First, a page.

Resolution: Keep the Feeder Full

On Friday, December 27, 2019, I filled my bird feeder for the first time in four months.

These past four months have been beyond difficult. We returned home from a blessedly relaxing vacation on August 31, and things fell apart the very next day.

This fall, my family has experienced two very serious health crises; September 1 marked the beginning of an extremely rough time. For six weeks, I spent about half my time traveling back and forth to northern New Jersey to help with things there. After that, an illness closer to home kept me here, taking care of one while simultaneously feeling guilty about leaving my family “up north” behind.

And just as things began to settle down, we emptied our entire home into the basement, the garage, and a storage pod so some long-overdue renovations could be completed; we lived in an extended-stay hotel for 2 1/2 weeks.

On Saturday, finally, I loaded my brand-new bookcases with books I hadn’t laid eyes on since early November.

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Copyright 2019 Barb Szyszkiewicz. All rights reserved.

All this to say: My bird feeder has been sorely neglected. I was barely keeping up with work. I took shortcut after shortcut when it came to meals, and the laundry got done, but when I sat down at 7:30 to relax with a book, I’d be snoring on the couch within 15 minutes. I had no bandwidth left for birds, or anything else.

We’re back in the house. My loved ones are still feeling the effects of those health crises, but things are improving for them all the time.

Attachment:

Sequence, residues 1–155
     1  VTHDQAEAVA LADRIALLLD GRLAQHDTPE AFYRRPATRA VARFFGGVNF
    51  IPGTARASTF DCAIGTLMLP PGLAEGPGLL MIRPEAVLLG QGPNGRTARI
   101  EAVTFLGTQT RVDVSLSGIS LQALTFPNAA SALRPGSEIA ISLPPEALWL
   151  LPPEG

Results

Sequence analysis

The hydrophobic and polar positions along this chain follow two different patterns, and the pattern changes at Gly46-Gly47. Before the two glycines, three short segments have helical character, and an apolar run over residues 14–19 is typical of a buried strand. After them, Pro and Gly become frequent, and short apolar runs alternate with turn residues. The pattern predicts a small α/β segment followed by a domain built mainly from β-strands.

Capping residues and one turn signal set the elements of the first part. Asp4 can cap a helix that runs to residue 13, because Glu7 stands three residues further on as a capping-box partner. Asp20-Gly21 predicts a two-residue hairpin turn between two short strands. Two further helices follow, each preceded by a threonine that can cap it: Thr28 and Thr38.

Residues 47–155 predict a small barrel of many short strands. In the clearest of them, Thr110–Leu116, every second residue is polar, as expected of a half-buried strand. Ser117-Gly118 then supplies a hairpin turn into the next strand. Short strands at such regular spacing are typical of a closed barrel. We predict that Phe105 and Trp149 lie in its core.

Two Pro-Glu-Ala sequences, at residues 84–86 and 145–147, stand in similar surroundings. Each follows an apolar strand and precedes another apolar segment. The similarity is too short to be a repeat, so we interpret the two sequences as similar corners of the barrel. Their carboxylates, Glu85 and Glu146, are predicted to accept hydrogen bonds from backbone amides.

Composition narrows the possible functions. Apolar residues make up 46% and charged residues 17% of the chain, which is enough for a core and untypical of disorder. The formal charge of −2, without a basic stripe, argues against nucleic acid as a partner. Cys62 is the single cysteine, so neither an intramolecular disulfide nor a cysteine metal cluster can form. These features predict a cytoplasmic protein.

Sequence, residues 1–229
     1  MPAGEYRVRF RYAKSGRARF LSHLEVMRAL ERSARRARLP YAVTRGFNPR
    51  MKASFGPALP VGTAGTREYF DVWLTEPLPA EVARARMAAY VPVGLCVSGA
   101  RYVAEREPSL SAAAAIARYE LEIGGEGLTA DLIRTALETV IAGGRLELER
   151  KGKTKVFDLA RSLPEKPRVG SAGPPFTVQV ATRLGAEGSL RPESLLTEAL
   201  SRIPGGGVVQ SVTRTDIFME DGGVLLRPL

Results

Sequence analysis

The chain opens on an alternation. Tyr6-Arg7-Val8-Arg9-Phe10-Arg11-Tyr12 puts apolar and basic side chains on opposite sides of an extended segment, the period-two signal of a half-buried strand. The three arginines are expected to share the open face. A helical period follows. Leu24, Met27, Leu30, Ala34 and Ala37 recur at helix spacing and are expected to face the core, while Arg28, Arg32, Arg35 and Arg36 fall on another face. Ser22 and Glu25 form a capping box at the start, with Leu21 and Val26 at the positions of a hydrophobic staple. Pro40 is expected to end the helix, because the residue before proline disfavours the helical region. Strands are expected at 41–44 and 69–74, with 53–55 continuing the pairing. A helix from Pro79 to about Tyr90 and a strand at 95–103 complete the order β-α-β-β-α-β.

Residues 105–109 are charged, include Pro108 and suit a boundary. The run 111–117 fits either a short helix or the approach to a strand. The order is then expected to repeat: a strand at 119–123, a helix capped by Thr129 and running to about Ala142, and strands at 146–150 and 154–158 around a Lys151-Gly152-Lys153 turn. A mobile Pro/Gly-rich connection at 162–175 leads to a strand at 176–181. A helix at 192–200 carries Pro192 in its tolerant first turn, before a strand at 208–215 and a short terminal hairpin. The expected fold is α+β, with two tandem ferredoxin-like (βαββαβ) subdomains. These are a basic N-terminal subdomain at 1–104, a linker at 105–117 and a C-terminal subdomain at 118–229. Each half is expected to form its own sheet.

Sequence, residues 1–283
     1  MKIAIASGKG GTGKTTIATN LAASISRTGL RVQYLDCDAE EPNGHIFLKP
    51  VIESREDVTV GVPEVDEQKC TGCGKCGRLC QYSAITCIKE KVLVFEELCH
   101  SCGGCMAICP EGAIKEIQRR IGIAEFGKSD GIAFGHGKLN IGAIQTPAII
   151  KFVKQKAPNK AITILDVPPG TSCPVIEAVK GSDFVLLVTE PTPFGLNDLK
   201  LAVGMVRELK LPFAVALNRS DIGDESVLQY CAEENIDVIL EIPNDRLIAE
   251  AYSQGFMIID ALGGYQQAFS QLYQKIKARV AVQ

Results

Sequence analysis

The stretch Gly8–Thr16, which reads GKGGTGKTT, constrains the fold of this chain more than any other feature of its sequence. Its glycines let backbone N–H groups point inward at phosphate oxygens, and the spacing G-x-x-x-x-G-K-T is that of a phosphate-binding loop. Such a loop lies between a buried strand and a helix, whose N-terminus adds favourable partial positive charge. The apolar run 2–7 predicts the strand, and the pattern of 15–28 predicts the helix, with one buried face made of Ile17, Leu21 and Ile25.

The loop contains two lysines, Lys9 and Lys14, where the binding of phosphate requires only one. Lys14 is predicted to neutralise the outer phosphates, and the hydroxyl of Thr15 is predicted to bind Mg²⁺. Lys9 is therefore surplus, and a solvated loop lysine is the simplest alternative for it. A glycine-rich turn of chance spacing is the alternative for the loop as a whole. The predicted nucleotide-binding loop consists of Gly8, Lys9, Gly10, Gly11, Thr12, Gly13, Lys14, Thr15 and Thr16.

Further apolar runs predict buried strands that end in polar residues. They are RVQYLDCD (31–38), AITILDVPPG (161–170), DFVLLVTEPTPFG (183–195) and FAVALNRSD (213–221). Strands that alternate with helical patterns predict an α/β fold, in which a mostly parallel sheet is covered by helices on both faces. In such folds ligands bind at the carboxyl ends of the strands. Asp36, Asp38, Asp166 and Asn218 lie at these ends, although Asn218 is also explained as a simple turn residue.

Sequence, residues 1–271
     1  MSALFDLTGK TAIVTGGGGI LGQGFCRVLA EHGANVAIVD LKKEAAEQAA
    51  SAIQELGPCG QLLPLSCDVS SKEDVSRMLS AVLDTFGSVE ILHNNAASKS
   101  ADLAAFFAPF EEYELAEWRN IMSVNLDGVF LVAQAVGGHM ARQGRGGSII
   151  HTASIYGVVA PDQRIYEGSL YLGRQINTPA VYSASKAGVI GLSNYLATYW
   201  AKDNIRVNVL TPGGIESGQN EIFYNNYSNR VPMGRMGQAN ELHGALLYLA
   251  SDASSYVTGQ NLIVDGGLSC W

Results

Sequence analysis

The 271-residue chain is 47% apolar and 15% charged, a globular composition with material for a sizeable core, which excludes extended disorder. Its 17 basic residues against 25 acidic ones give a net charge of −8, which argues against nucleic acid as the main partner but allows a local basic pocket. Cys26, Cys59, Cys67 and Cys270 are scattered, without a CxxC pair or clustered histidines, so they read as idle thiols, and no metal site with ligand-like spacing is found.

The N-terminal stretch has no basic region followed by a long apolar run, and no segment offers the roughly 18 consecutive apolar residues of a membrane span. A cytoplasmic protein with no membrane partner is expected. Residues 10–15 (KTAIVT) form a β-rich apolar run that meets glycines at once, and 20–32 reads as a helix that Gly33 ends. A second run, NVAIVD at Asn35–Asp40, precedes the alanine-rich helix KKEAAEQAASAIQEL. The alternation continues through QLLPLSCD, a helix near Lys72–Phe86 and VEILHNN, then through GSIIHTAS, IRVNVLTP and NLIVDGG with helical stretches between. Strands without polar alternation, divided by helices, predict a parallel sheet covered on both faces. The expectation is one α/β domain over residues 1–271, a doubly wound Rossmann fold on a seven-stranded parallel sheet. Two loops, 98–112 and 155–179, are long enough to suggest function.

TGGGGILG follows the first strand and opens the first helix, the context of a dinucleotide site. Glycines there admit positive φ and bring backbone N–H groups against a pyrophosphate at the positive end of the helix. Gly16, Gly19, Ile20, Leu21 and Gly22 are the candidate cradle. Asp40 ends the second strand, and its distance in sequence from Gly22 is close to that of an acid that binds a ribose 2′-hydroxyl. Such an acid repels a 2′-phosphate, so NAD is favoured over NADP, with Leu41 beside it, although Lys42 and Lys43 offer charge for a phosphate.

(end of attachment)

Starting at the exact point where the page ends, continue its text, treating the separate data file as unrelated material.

My bookshelves are full, and so is my bird feeder. I’ve missed taking those five minutes to fill that up. I’ve missed seeing the sparrows, cardinals, and house finches nibbling at the birdseed. I’ve missed hearing the birds gleefully begin to chirp when I approached the feeder with cups of seed in my hands. In all the necessary rushing around, I’ve missed those moments.

Four months is a long time to let a feeder go unfilled. That 5-star bird feeder rating that I’ve worked years to achieve is not mine to claim right now. But I hope that by the time the juncos return to herald the winter snow, the neighborhood birds will have discovered that my feeder is open for business.

This New Year, I’m resolving to keep the feeder full. Because it feeds me, too.

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Copyright 2019 Barb Szyszkiewicz. All rights reserved.

Copyright 2019 Barb Szyszkiewicz

The Groundhog was Wrong

I knew all along that it would be an early spring. How can that groundhog avoid seeing his shadow with all those lights for the TV cameras?

It certainly feels like spring this weekend. Monday’s igloo that was built by Middle Sister, Boy Next Door, and Big Brother collapsed on Friday and there’s not a trace of it left, save for the sand-diggers and small shovels strewn around the front yard.

We’ve got the windows open and I am listening to the birds sing. I spent 20 minutes already today on whatbird.com, trying to figure out what bird woke me up this morning. I never saw the bird, but his call goes “whistle whistle, twit twit twit twit twit.” He whistles twice and twits at least 3 times, and each time, he adds a few. Then he gets quiet and starts all over again. Yes, I am compelled to count how many twits each time. So if you have a clue about this bird, I’d be so grateful.

We saw two robins in the yard this morning, and the kids wore shorts yesterday.

AND we’ve already had our “spring ahead” on the clock. So it must be spring. So there, groundhog!

Who’s Visiting the Bird Feeder?


NOT THIS GUY!

This week I’ve seen a huge increase in the number and variety of birds visiting the feeder outside my front window. Since I moved it away from the lilac bush, the squirrel hasn’t been able to jump onto the feeder and empty it. But there have been plenty of birds:
blue jay
sparrow
junco
purple finch
starling
mourning dove (they eat what drops on the ground)
robin (not at the feeder, but in the yard)

And I’ve heard the mockingbird singing, but I haven’t caught sight of him yet.